Sep7ember - Strange Ways of Going Home

Posted on Thursday, January 12, 2012

I was prepared to ruthlessly make fun of this album based purely on the gayness of the band photos and idiotic moniker. Is it “September 7th,” or am I actually supposed to say “Sep-seven-ember”? I was also briefed on their style not being Metal, which isn’t a huge problem for me personally, but we here at Metal Curse tend to prefer… I don’t know… Metal? But, I decided to give it the old college try. Sure enough, album opener “View Into Blur” doesn’t waste any time disappointing. I can’t stand the piercing rhythm of Boris Pillmann’s vocal delivery. Musically the band is hard to pigeonhole. This is the kind of music that the vague description of “Alternative” was invented for. Pillmann’s singing is equally hard to describe because he reminds me of so many vocalists. He sounds kind of like Arlo Guthrie, or maybe Billy Joel. Perhaps a young, hillbilly Elton John? Actually he reminds me most of a singer from an old Punk band called The Robots, but since I’m sure all of about 7 people have actually heard them, I realize that comparison does nothing for you. Still, you get an idea. The album eventually does reveal him to be a great singer. Pillmann’s only flaw might be an occasional Southern drawl not unlike Scott Weiland’s on the first Stone Temple Pilots album. Peculiar as Sep7ember hail from Germany. Their big hit, “I Hate NY,” is up next. A better song, but a little too happy for me, however, this chorus begins to expose just how powerful Pillmann can be. Next up is “Run,” the album’s first stab at poignancy and sincerity and it works surprisingly well. This is the first song I’m able to fully embrace. It’s followed by “One Thing,” which is hindered by the aforementioned redneck voice vibe. But even this chorus will grow on you if you let it. The real highlight of Strange Ways… is the middle of the album (tracks 5-8). The heartfelt resonance of “So” and “Bitterness” comprise some of the best Indie Rock since Interpol’s Antics LP, while “Rocket to Somewhere” and “Carpets” hint at the best Grunge I’ve heard since Kurt Cobain dyed his hair red and refused to do interviews. Speaking of Cobain, Pillmann has a similar lyrical philosophy, i.e. using words that fit the verses and make the songs catchier as opposed to always needing to make sense. The rest of the album isn’t quite as good. “Gods Are Laughing” also suffers from that damned hillbilly drawl and overuse of the Wah-Wah pedal (note: any use of Wah-Wah pedal is overuse of Wah-Wah pedal… let it go). “Superhero Smash Hit Wonder” sounds like some kind of modern U2 filler with lyrics as bad as the song title suggests. “Remaining Days” is an anti-racism song. Really? Racism’s over, guys. People hate themselves these days, not others. “All Quiet” is a moving but energetic tune which serves as a fitting album closer since the actual last song is just a lackluster acoustic version of “So.” In summary, I am simply torn. This is a record that is only 54% good, yet I can’t stop listening to that damn 54% over and over and over again. It’s not even remotely Metal, but it’s seriously fucking addictive. You’ll just have to decide for yourself, but don’t say I didn’t try to warn you.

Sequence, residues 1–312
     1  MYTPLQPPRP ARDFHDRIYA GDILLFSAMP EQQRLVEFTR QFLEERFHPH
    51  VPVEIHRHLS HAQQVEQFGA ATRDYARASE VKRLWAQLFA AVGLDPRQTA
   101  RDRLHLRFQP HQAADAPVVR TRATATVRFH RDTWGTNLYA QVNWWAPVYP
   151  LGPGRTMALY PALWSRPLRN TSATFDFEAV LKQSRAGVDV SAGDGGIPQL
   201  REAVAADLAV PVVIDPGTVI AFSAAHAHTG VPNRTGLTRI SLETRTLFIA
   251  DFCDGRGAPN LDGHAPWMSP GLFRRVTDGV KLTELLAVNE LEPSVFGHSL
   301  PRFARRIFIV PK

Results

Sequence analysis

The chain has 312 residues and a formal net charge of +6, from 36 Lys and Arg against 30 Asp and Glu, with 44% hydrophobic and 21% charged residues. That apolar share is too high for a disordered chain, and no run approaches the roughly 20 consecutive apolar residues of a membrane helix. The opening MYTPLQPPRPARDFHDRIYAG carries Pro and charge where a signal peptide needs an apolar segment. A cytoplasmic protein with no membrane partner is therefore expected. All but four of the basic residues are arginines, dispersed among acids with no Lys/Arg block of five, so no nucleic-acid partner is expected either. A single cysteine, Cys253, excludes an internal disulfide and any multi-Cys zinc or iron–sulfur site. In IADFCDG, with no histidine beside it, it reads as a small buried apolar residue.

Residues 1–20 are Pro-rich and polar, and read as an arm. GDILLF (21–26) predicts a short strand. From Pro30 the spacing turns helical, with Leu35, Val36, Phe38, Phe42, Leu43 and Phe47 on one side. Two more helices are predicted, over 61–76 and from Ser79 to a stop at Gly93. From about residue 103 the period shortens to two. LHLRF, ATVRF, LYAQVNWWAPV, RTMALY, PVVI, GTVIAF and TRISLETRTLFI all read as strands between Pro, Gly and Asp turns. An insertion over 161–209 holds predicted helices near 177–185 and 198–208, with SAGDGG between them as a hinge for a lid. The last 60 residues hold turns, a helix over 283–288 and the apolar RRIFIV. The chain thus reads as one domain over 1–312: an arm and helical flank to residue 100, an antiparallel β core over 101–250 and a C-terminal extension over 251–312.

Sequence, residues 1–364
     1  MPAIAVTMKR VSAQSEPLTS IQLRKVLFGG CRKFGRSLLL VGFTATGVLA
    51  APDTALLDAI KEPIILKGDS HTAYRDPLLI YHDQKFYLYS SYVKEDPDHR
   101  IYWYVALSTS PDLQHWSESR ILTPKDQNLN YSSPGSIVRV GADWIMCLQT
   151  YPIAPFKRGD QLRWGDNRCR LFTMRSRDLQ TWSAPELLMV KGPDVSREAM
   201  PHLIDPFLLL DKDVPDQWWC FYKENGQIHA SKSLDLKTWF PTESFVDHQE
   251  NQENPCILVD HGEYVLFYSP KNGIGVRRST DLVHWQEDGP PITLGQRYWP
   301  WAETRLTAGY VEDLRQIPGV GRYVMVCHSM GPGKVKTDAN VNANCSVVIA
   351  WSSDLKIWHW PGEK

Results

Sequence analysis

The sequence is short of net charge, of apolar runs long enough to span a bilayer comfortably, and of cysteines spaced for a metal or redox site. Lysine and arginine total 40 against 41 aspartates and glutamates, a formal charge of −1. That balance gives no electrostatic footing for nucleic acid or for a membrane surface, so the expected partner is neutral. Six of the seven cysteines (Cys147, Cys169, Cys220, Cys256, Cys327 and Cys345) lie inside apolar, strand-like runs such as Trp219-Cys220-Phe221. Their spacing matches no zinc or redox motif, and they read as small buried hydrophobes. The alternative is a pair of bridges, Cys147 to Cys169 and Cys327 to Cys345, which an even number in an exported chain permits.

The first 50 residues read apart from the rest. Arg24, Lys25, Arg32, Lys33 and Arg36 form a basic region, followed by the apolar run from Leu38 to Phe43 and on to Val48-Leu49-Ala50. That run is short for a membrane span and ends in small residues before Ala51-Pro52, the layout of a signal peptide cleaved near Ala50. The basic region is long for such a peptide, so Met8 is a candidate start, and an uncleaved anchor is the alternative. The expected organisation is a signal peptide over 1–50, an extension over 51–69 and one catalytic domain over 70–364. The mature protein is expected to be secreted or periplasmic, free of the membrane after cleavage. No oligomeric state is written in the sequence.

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(1) Comment(s)

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Swastikkko said:

yOur name is Jack

Posted on Thursday, January 12, 2012 - 02:44:08 PM

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